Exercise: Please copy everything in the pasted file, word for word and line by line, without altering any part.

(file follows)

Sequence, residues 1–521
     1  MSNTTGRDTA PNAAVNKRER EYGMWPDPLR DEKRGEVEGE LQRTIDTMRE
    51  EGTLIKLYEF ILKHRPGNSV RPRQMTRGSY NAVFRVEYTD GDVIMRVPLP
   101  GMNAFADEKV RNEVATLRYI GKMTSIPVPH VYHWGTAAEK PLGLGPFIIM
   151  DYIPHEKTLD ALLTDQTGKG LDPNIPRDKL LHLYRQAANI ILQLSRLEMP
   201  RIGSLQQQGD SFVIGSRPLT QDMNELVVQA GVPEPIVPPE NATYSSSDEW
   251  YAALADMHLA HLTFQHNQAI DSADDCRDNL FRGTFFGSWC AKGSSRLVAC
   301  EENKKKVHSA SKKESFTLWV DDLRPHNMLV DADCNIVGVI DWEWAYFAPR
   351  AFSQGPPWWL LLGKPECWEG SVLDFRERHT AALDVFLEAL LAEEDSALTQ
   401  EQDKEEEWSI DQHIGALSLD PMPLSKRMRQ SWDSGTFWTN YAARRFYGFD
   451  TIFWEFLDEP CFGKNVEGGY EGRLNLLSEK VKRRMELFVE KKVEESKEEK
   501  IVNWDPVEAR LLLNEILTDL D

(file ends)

Sequence, residues 1–521
     1  MSNTTGRDTA PNAAVNKRER EYGMWPDPLR DEKRGEVEGE LQRTIDTMRE
    51  EGTLIKLYEF ILKHRPGNSV RPRQMTRGSY NAVFRVEYTD GDVIMRVPLP
   101  GMNAFADEKV RNEVATLRYI GKMTSIPVPH VYHWGTAAEK PLGLGPFIIM
   151  DYIPHEKTLD ALLTDQTGKG LDPNIPRDKL LHLYRQAANI ILQLSRLEMP
   201  RIGSLQQQGD SFVIGSRPLT QDMNELVVQA GVPEPIVPPE NATYSSSDEW
   251  YAALADMHLA HLTFQHNQAI DSADDCRDNL FRGTFFGSWC AKGSSRLVAC
   301  EENKKKVHSA SKKESFTLWV DDLRPHNMLV DADCNIVGVI DWEWAYFAPR
   351  AFSQGPPWWL LLGKPECWEG SVLDFRERHT AALDVFLEAL LAEEDSALTQ
   401  EQDKEEEWSI DQHIGALSLD PMPLSKRMRQ SWDSGTFWTN YAARRFYGFD
   451  TIFWEFLDEP CFGKNVEGGY EGRLNLLSEK VKRRMELFVE KKVEESKEEK
   501  IVNWDPVEAR LLLNEILTDL D